Cremation: Best solution | Daily News


 

Cremation: Best solution

Handling the remains of COVID-19 victims in Italy
Handling the remains of COVID-19 victims in Italy

Quarantine Law in Sri Lanka is governed by the Quarantine and Prevention of Disease Ordinance No.03 of 1897 (QPDO). According to its long title it is “an Ordinance to make provision for preventing the introduction into Sri Lanka of the Plague and all Contagious or infectious diseases and for preventing the spread of such diseases in and outside Sri Lanka”.

The Ordinance is composed of 12 sections while the Minister of Health and Indigenous Medical Services is granted the power to make regulations. Lengthy and detailed regulations relating to implementation of QPDO were made in 1925, 1933, 1946 and 1960. Applicability of the regulations to COVID-19 has now been effected with the publication of new regulations in the Extraordinary Gazette No.2167/18 (20.03.2020) whereby COVID-19 is declared to be a quarantinable disease.

The second person who died being prey to COVID 19 belonged to the Islamic faith and was said to have been cremated against the teachings of the Islamic faith. Sri Lanka Muslim Congress leader Rauff Hakeem recently stated that (they); “...tried our best in whatever manner possible in the given circumstances to get higher political and medical authorities to intervene and prevent the hurried cremation”. He further posted “....we are also told that burial ten feet below the ground is not possible due to the high water table and possible seepage of water into the grave”. He also added that the request to shift the last rites of the deceased to Colombo was rejected by the Judicial Medical Officers (JMO).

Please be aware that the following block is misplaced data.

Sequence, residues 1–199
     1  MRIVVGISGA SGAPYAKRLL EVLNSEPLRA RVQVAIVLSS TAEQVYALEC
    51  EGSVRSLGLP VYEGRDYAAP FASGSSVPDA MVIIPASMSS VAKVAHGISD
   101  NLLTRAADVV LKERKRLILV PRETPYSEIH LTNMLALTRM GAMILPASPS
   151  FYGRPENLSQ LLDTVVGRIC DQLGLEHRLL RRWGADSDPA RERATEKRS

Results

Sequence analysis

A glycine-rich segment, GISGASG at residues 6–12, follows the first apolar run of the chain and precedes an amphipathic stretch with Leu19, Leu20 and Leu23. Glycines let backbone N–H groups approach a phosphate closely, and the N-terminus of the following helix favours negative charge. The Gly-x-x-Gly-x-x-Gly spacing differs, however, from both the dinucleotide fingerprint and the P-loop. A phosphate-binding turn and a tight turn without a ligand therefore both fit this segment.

Several other Muslim politicians and intellectuals also have later issued statements expressing concerns in this regard. However, these statements may disturb the public. On April 1, the All Ceylon Jamiyyathul Ulama, which is a nonpolitical and a nongovernmental religious institution in Sri Lanka, exclusively for Islamic theologians, released a statement declaring that “due to the prevailing compelling situation (Darurah), it shall not be regarded as sinful upon the Muslims if a “Janaza” is forcefully cremated”